The European Parliament proposes to end the borders to move goods by train

MEPs belonging to the Transport Committee have achieved a almost unanimous agreement to boost international merchandise between countries of the European Union. They will appeal to the European Commission to improve aspects related to the interoperability of the different national rail networks to avoid long waits at borderswhere trains must stop to meet the requirements of the administrator of the next country, some of them excessive, according to community representatives.

The proposal sets a maximum time of 15 minutes for border rail crossings and slot allocation so that the goods cross the international crossings without waiting, mainly at night. The 44 members of the commission, belonging to all the political forces with European representation, unanimously supported the plan. Now it will be the plenary session of the European Parliament that, next week, supports the measure. Subsequently, a period of conversations will be opened with the different countries to fix it in European legislation and transpose it into national laws.

“Everyone talks about switching transport to rail, but while cars, trucks or planes can cross the EU borders without any problem, trains, especially freight trains, are forced to stop at borders, sometimes for hoursto adapt to the requirements of the different member states”, claimed co-rapporteur Barbara Thaler, from the European People’s Party.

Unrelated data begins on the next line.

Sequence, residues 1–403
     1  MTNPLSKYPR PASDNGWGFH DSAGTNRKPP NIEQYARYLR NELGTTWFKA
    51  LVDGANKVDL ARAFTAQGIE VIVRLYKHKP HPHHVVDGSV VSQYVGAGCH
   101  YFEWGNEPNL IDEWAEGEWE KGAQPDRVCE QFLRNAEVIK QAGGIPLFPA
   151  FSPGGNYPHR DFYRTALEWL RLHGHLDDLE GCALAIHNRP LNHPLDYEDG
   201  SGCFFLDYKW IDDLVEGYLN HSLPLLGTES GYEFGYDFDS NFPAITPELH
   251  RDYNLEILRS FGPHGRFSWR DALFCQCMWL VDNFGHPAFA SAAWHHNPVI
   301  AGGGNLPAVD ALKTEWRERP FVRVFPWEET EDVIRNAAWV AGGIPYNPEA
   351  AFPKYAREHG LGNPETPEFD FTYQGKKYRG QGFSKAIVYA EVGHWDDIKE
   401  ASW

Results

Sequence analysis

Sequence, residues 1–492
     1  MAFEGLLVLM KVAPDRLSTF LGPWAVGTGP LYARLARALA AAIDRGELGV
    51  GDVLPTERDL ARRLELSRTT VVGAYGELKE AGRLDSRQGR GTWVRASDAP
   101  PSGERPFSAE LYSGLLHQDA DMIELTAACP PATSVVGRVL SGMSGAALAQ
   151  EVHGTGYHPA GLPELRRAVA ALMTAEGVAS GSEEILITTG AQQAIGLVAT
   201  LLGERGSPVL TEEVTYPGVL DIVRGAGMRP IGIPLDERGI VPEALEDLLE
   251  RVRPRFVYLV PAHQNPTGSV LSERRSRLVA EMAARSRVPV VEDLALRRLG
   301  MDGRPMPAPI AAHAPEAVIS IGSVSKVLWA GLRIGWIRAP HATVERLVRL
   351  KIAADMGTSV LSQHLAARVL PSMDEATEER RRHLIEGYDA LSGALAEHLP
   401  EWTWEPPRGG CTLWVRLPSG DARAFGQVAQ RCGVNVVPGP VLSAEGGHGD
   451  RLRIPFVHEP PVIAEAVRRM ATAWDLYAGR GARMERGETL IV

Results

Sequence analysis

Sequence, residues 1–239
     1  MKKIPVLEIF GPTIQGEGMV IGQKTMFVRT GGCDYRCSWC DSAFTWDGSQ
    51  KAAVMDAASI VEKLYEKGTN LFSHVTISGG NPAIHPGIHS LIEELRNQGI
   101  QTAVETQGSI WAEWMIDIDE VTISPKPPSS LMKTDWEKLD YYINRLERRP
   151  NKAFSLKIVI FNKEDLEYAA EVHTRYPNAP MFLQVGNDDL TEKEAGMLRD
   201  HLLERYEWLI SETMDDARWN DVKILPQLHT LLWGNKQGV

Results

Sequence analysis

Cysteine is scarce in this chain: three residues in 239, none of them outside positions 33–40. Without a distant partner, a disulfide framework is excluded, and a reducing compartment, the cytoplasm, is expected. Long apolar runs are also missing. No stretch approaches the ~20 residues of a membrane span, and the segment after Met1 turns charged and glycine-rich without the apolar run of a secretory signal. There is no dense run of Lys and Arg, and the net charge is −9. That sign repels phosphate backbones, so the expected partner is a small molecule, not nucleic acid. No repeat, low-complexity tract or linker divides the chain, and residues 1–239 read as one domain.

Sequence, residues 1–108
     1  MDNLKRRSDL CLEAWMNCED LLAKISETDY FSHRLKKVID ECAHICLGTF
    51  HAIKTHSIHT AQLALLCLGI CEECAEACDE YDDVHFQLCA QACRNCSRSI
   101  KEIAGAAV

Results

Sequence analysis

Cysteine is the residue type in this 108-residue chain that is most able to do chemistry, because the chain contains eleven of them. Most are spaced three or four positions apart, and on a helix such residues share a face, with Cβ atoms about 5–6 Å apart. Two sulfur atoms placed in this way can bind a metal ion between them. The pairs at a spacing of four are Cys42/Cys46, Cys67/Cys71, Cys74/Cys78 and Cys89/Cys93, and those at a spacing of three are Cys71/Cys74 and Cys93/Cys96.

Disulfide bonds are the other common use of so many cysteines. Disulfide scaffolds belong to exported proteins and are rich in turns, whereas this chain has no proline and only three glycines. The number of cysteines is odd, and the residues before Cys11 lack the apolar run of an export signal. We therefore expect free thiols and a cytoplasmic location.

Penalize if necessary

The demands of the MEPs also involve ensuring that the basic transport network (TEN-T network) is completed by 2030, eliminating bottlenecks, executing the necessary links and giving more power to the 11 countries that will act as European coordinators of the network. . This network must be fully electrified for passenger trains at minimum speeds of 160 km/h and for freight at 100 km/h.

In addition, they have suggested including a later milestone for the year 2040 that guarantees the implementation and execution of the integral transport network, which must be completed in 2050. In the event that the countries do not comply with their obligations, they have suggested to the European Commission that establishes a legal framework that allows open infringement proceedings and even reduce or cancel the planned funding to run these large infrastructures.

The Transport Committee has also shown its absolute predilection for fixing technical and operational standards common to each mode of transport, preventing situations such as those that Spain and France maintain today, with continuous discussions about the entry of their operators into the neighboring country. “It’s ambitious, but necessary if we are to succeed in shifting traffic from highway to rail,” Thaler said.

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